Spanish American Patriots in New York

In 1784, at the very moment that Spain was establishing a New York presence, Venezuelan Francisco de Miranda arrived in town to seek backing from prominent citizens “for the liberty and independence of the entire Spanish-American Continent." He returned in 1806 to raise a military expedition to Venezuela. The mission failed but dampened neither Miranda’s commitment nor New Yorkers’ enthusiasm for the cause of independence to the south. Miranda died in a Spanish jail, but his determination inspired independence leaders such as the Argentinean José de San Martín and the Venezuelan Simón Bolívar.
 
The Spanish American wars for independence lasted fifteen terrible years, from 1810 to 1825. Unlike their northern neighbors, the rebels fought to win an entire continent. In the end, Spain lost all of its colonies except Puerto Rico, Cuba, and the Philippines. The year 2010 marks the bicentennial commemoration of Spanish American independence. 

Georges Rouget (France, 1784–1869), photographed by Arnaudet, Francisco de Miranda general of the Army of the North 1792. Chateaux de Versailles et de Trianon, Versailles, France. Réunion des Musées Nationaux / Art Resource, NY. Raised in Venezuela, Francisco de Miranda served in the imperial Spanish forces before embracing Enlightenment ideals of liberty and launching his lifelong campaign to liberate Latin America. Better at winning converts than battles, his wrenching losses in Venezuela in 1812 and friction with fellow independentistas led to Miranda’s imprisonment and death in a Spanish prison. 
Georges Rouget (France, 1784–1869), photographed by Arnaudet, Francisco de Miranda general of the Army of the North 1792. Chateaux de Versailles et de Trianon, Versailles, France. Réunion des Musées Nationaux / Art Resource, NY.

'The Execution of ten of Miranda’s Officers,' Moses Smith, History of the Adventures and Sufferings of Moses Smith, during Five Years of his Life. Brooklyn: Printed by Thomas Kirk, Main-Street, for the author, 1812. Courtesy of the John Carter Brown Library at Brown University. Miranda’s New York volunteers claimed they knew little about their commander’s full purpose, but still, they sailed. Some may have risked all for political ideals; for others, like Moses Smith, “good pay and a fine uniform, lands and a horse” were enticement enough. Smith published this image in his memoirs following his release from prison.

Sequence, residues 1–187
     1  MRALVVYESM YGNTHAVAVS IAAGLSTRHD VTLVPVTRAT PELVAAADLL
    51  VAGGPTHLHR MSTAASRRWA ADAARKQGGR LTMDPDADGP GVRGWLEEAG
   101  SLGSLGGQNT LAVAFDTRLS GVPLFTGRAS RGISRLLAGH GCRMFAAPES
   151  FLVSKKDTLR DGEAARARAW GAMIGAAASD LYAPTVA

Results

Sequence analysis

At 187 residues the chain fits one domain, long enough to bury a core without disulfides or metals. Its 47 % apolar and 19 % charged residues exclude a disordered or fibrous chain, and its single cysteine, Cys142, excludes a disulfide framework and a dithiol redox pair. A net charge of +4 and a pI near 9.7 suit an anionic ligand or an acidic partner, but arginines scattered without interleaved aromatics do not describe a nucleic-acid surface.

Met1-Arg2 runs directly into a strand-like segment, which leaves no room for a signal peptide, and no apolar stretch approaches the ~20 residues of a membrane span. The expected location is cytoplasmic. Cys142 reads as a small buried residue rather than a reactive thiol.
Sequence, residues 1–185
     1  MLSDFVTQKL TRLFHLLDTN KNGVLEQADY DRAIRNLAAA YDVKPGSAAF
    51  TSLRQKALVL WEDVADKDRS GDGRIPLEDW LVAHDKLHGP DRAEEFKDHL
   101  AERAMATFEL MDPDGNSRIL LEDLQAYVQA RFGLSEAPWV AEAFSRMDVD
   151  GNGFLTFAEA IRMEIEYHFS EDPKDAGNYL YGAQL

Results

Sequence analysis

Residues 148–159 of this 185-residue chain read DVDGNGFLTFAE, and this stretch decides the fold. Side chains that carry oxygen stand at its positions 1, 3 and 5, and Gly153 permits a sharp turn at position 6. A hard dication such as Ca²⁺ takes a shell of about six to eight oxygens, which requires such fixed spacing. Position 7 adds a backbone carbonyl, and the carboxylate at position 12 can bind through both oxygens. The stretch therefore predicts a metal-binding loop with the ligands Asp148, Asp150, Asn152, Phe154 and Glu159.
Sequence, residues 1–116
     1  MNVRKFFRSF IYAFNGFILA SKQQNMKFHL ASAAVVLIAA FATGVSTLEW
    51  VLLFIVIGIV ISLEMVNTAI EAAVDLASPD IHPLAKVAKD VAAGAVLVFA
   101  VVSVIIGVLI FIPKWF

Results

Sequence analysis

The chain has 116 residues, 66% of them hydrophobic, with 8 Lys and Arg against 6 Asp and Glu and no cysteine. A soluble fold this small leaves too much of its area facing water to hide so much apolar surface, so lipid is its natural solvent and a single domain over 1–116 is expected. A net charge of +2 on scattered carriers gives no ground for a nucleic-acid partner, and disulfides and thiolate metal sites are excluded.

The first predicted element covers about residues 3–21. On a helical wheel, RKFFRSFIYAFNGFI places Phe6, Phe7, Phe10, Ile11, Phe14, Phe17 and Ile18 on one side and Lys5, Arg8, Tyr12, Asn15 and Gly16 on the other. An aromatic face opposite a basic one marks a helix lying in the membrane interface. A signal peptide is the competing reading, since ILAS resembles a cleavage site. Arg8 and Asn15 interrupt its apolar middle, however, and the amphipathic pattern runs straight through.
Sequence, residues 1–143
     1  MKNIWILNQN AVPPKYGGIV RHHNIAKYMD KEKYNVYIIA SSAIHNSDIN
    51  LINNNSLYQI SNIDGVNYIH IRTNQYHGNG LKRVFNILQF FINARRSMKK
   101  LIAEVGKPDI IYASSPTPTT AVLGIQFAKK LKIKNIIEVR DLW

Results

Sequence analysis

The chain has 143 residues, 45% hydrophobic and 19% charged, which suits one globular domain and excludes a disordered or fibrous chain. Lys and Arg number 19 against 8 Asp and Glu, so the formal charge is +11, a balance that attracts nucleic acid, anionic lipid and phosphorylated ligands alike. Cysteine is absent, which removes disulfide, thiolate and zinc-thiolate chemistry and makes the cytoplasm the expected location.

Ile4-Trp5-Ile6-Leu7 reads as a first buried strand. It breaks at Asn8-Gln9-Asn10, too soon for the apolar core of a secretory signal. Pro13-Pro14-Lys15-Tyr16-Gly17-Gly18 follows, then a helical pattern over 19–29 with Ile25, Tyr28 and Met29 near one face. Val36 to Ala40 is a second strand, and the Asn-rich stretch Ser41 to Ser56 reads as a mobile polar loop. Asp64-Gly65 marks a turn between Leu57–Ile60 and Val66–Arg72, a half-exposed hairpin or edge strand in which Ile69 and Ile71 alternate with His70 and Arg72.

“The Execution of ten of Miranda’s Officers,” Moses Smith, History of the Adventures and Sufferings of Moses Smith, during Five Years of his Life. Brooklyn: Printed by Thomas Kirk, Main-Street, for the author, 1812. Courtesy of the John Carter Brown Library at Brown University.

Pietro Tenerani (Italy, 1789–1869), Simón Bolívar (1783-1830), 1831. Painted plaster. New-York Historical Society, Gift of Mr. Alexander H. Stevens, M.D., 1847.3. The Spanish American wars for independence got seriously underway in 1810 and ended in March 1825. Remarkably, the last battle took place in Potosí, Upper Peru, at the same “Cerro Rico” whose silver deposits had enriched the Spanish empire and altered the history of the world.
 
With independence achieved, Upper Peru was renamed Bolivia in honor of Simón Bolívar, Latin America’s most prominent general and leader.
Pietro Tenerani (Italy, 1789–1869), Simón Bolívar (1783-1830), 1831. Painted plaster. New-York Historical Society, Gift of Mr. Alexander H. Stevens, M.D., 1847.3
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